The Passover sacrifice is an exception to the general rule that the Temple service open with the tamid shel shahar in the morning, after whichkorbanot are brought throughout the day. Generally speaking, the tamid shel bein ha-arbayim in the afternoon closes the day in the Temple.
As the Gemara mentioned previously that the daily morning offering precedes all other sacrifices, it cites a baraita that explains this law. The Sages taught: From where is it derived that no sacrifice shall precede the daily morning offering? The verse states: "And the fire on the altar shall be kept burning on it, it shall not be extinguished; and the priest shall kindle wood upon it every morning, and he shall prepare the burnt-offering [olah] upon it and shall cause the fats of the peace-offerings to go up in smoke upon it" (Vayikra 6:5). The Gemara asks:What is the biblical derivation? In other words, how is it derived that the burnt-offering in this verse is referring to the daily morning offering?Rava said: "The burnt-offering," with the definite article, is referring tothe first burnt-offering, i.e., the daily morning offering, which is first both chronologically and in terms of importance.
Some explain that the tamid shel shahar is called "the first olah" because that was the first sacrifice brought by the Jewish people in the desert. Another explanation offered is that consecrating a new altar in themikdash is always done with the tamid shel shahar, making it "the firstolah."
Pesahim 59a-b - Invalidating a sacrifice
Although there are many individual activities that need to take place in order for a sacrifice to be successfully brought in the Temple, there are four specific acts during which inappropriate thoughts can make thekorban invalid. They are:
1. Shehitat ha-korban - at the time the animal is slaughtered
2. Kabalat ha-dam - when the blood is collected
3. Holakha la-mizbe'ach - when it is carried to the altar
4. Zerikat ha-dam - sprinkling the blood on the altar
What are considered "inappropriate thoughts"? There are three types of thoughts, or, indeed, spoken words (according to most opinions) that can make the sacrifice invalid.
The most severe of these is when, in the midst of one of the activities mentioned above, the kohen thinks that he will sprinkle the blood or sacrifice the meat of the korban at the wrong time. This type of thought will make the sacrifice pigul (“a vile thing” - see Vayikra 19:7); the person who brought the sacrifice will need to replace it with another, and anyone eating from the meat of the korban will be punished with karet(excision).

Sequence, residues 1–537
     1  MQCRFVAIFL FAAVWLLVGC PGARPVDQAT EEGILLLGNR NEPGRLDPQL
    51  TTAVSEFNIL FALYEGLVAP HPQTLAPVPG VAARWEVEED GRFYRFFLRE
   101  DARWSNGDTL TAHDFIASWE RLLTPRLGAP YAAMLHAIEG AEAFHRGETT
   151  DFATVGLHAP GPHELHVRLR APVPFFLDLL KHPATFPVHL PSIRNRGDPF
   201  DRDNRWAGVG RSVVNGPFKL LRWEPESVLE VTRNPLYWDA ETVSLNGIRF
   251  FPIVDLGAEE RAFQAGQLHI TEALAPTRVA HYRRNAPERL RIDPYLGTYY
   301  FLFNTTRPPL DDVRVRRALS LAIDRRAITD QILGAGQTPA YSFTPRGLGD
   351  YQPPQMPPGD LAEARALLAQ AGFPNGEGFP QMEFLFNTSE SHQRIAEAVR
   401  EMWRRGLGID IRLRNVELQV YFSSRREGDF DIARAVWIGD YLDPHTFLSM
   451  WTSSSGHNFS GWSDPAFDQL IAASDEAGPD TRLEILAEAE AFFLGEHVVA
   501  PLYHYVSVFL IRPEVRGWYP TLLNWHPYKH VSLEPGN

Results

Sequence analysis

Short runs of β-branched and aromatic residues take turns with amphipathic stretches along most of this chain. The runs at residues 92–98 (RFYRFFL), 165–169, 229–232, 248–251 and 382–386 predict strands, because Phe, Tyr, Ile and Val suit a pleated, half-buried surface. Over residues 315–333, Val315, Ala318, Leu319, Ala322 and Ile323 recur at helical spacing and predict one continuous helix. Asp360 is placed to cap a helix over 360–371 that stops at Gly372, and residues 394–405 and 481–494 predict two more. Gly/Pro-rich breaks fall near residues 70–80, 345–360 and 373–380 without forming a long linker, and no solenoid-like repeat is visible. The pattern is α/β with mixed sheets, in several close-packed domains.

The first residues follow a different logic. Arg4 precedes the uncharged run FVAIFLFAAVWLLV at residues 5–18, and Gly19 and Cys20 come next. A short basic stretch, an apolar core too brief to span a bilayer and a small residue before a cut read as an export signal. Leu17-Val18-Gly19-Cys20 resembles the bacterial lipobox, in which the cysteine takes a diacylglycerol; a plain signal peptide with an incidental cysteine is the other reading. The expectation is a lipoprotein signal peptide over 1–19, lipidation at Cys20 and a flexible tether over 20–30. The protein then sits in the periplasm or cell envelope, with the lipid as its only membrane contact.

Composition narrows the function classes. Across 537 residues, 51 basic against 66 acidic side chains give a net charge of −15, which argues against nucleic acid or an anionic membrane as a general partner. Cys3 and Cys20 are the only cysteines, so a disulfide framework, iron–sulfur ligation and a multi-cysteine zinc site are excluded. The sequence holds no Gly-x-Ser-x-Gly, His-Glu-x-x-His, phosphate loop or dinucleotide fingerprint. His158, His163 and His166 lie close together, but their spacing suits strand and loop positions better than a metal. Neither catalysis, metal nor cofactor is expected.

Another possible problem would occur if the kohen thinks that he will sprinkle the blood or sacrifice the meat of the korban in the wrong place. Under those circumstances, although a replacement korban would need to be brought, it is not considered pigul, and there is no penalty of karetfor someone who ate the meat of that sacrifice. These two cases apply to all korbanot.
There is a third case where a thought will invalidate a sacrifice, which applies only to a korban hatat (a sin-offering) or a korban Pesah (the Passover sacrifice). If the kohen does not think that it is for this particular type of sacrifice, and mistakenly believes that it is for a different one, thekorban hatat or korban Pesah will be invalid. In the case of the korban Pesah, even thinking that it will be used for a mundane purpose will ruin it.
Pesahim 60a-b - Changing the Passover sacrifice to a Shelamim
The korban Pesah is unique among the sacrifices in a number of ways, some of which are discussed on our daf (page). For example, ourGemara discusses the case of a korban Pesah that was not sacrificed at the appropriate time - the afternoon of the 14th of Nisan - but rather on some other day during the year. In any other situation, the sacrifice would simply be invalid. There is, however, a special rule with regard to the korban Pesah: it can be changed from a korban Pesah and sacrificed as a Shelamim. There are a series of discussions in the Gemara that revolve around the question of how the Pesah can be changed to aShelamim - if the very fact that the Pesah is not being carried out properly switches it to a Shelamim, of if it is necessary to consciously substitute one intention for the other.